[WATCH] New way of appointing police chief exceeds Venice Commission criteria – Byron Camilleri

Home Affairs minister insists government’s proposed new method for appointing police commissioner goes over and above Venice Commission’s requirements

Home Affairs minister Byron Camilleri was a guest on tonight's Xtra
Home Affairs minister Byron Camilleri was a guest on tonight's Xtra

The new method being proposed by the government for appointing a police commissioner goes over and above satisfying the requirements recommended by the Venice Commission, Byron Camilleri said.

The Home Affairs minister said that the alternative method, proposed by the Opposition, of having the agreement of a two-thirds majority in Parliament for the police commissioner’s appointment would not work and only lead to a constitutional problem.

In a wide-ranging discussion on TVM’s Xtra tonight, Camilleri insisted that the government’s proposed method – which will see the next police commissioner being chosen after a public call and the appointment only being finalised after a grilling by MPs - is the most realistic and transparent option.

Camilleri said that this system not only meets, but exceeds the criteria outlined by the Venice Commission, since it does not give the Prime Minister the right to veto any candidate – even though the Venice Commission’s recommendations allow for such a veto.

The minister stressed that the alternative proposal put forward by the Opposition would only result in a deadlock and a constitutional crisis.

“[The Opposition] said that the police commissioner needs to be elected by the agreement of two-thirds of Parliament, but did not offer any mechanism for what should happen if this majority vote is not reached”, Camilleri said.

On the issue of investigating those against whom claims of corruption have been levied, Camilleri said that all allegations made on any individual, irrespective of who they may be, should be followed up and investigated, but added that it is not his prerogative to decide who should be investigated.

“My role as a politician is not to investigate, or to tell the police what they should do. My job is to ensure that the police have all the resources they need to carry out the investigations”, he said.

In this regard, Camilleri noted that reforms within the police force – which he said are already ongoing – are necessary.

He underscored, however, that he was “in the business of reforms not vendetta” when it came to the government’s decision to grant ex-police commissioner Lawrence Cutajar a consultancy role in the public sector.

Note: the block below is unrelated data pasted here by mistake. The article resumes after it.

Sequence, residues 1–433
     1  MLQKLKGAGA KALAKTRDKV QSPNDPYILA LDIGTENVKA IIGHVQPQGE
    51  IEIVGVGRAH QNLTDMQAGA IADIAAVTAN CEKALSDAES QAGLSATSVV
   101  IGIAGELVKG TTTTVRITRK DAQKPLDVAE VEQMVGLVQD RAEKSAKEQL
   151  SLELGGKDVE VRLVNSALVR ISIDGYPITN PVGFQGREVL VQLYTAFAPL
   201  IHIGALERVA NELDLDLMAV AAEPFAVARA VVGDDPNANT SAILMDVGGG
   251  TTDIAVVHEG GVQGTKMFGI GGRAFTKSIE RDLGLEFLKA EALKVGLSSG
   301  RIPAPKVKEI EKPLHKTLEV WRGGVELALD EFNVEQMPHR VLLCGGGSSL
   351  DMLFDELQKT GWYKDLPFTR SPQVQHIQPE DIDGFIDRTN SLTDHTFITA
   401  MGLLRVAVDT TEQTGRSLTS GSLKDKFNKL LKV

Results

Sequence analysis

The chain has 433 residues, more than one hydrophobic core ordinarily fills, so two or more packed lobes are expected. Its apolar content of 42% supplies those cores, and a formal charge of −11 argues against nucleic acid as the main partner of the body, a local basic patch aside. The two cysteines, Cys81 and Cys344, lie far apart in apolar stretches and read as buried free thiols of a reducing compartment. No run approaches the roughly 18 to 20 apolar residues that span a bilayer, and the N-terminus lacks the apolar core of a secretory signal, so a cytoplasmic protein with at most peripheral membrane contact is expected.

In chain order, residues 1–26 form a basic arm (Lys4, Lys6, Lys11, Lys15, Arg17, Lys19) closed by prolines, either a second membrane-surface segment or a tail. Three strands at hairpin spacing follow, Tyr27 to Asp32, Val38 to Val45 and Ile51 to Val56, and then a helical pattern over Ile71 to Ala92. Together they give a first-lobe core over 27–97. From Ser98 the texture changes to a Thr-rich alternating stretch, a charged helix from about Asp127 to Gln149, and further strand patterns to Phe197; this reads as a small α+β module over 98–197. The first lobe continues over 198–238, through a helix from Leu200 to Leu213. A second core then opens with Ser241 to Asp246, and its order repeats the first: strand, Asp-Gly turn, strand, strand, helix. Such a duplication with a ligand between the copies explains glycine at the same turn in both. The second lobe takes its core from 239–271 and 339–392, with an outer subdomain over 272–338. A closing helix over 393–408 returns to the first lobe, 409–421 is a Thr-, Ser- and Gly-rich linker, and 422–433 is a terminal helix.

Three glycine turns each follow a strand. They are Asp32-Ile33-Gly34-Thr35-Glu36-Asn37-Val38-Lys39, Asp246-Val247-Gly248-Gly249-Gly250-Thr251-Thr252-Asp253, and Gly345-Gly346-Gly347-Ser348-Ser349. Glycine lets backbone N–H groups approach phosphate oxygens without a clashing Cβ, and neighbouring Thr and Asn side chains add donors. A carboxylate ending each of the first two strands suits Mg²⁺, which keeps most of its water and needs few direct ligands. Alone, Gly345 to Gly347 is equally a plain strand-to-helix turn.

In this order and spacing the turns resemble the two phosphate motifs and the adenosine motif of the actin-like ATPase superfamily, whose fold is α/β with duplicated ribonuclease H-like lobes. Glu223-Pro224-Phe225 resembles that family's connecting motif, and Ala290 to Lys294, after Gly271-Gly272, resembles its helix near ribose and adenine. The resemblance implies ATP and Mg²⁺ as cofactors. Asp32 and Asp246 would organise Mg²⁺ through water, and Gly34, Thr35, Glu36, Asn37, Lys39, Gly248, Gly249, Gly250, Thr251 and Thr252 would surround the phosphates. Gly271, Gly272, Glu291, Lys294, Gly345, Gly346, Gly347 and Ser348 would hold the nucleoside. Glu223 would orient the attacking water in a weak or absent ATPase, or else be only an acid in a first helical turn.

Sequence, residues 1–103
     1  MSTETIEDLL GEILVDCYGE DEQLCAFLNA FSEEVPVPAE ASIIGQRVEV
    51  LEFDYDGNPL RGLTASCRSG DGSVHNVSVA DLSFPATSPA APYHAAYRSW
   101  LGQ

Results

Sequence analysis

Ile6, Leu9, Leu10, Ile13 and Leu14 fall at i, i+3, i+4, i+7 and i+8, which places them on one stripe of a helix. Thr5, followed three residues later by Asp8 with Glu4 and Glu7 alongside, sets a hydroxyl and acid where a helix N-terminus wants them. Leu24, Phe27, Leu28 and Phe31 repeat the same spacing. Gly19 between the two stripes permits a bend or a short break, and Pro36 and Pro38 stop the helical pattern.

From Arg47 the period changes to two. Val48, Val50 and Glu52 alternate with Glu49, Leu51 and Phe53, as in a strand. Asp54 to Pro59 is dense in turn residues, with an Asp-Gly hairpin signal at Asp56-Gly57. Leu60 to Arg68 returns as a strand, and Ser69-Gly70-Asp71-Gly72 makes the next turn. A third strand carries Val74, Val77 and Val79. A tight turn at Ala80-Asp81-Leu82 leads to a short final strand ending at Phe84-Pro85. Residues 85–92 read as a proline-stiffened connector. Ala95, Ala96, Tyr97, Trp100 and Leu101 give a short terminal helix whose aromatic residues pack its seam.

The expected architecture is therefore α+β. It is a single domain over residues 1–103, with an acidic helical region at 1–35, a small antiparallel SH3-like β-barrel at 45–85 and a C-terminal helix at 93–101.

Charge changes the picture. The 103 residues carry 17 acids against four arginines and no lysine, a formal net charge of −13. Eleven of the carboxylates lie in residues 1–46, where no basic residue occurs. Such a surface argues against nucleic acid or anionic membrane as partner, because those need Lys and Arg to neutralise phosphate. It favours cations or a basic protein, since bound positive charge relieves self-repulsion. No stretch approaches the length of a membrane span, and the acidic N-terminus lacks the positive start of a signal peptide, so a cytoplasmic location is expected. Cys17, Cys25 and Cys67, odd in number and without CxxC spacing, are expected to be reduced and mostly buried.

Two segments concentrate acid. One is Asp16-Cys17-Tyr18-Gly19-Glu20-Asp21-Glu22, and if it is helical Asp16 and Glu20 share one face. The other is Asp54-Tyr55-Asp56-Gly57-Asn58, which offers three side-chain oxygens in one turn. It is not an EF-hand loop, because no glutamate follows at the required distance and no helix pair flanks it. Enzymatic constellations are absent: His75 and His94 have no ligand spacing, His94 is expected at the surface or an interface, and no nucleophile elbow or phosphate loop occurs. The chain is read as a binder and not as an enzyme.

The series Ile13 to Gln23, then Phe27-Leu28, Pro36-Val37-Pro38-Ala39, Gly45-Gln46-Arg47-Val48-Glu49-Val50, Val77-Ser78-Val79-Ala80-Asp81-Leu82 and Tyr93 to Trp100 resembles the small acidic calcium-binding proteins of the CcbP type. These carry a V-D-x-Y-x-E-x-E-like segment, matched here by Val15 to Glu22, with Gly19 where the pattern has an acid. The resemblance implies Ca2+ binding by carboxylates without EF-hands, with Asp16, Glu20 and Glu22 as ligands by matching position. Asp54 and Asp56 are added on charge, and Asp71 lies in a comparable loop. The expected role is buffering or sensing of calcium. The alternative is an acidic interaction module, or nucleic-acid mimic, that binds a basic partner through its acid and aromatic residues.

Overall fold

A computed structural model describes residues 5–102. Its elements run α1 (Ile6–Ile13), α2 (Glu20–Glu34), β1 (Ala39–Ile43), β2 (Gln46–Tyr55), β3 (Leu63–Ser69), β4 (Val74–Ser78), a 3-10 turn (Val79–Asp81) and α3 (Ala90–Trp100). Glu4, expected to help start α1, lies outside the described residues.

Asked by presenter Saviour Balzan about the issue of illegal immigration, Camilleri praised the work of the Armed Forces on this front, saying that they were both well-equipped and well-prepared.

He pointed out, however, that “in recent years, Malta has done more than was expected from it” with regard to illegal immigration.

“Malta is insisting that other European countries do their part”, Camilleri stressed, noting that while some countries have helped, more can be done.

“It cannot be the case that we take more in more migrants than we are due. That is the message that we are putting out”, the minister said.

Camilleri, however, clarified that this did not mean abandoning people in need. “We must be very tough with other states, but not with people”.

Konrad Mizzi’s political career is over – Robert Arrigo

PN MP and deputy leader Robert Arrigo, who was a guest on the second part of Xtra, said the €80,000 per year consultancy contract which had been granted to former minister Konrad Mizzi was “repulsive”

Arrigo rubbished claims that the contract was a mistake, noting that legally speaking, there was no mistake, but that it is morally and politically reprehensible for such a consultancy to be given to Mizzi.

PN deputy leader Robert Arrigo was a guest on the second part of the programme
PN deputy leader Robert Arrigo was a guest on the second part of the programme

The deputy leader questioned why Mizzi continues to be granted government contracts and positions, querying whether it is because the former minister “knows too much”.

On Mizzi’s nomination to head Malta’s parliamentary delegation to the Organisation for Security and Cooperation in Europe delegation, Arrigo said it was ironic to nominate someone who had been condemned by the EU to work with a European institution like the OSCE.

“As a politician, he is over. He should have gone before, when the Panama Papers scandal first broke out”, Arrigo argued.

Arrigo also turned his guns on Robert Abela, claiming that the Prime Minister had lost much of the goodwill that he initially had with the public.

“There is a large majority that is tired of such events”, Arrigo said, “We had hope in Robert Abela that we would start a fresh page […] but we are reading the same pages from the same book”.

Arrigo questioned whether Abela had any prior knowledge of Mizzi’s contract, considering that the prime minister was Joseph Muscat legal advisor.

“We’re assuming because the information is very scarce, and the answers to our questions are very scare”, he said.

Arrigo added that Tourism Minister, Julia Farrugia Portelli should have acted as soon as she found out about the contract, rather than after it became public knowledge.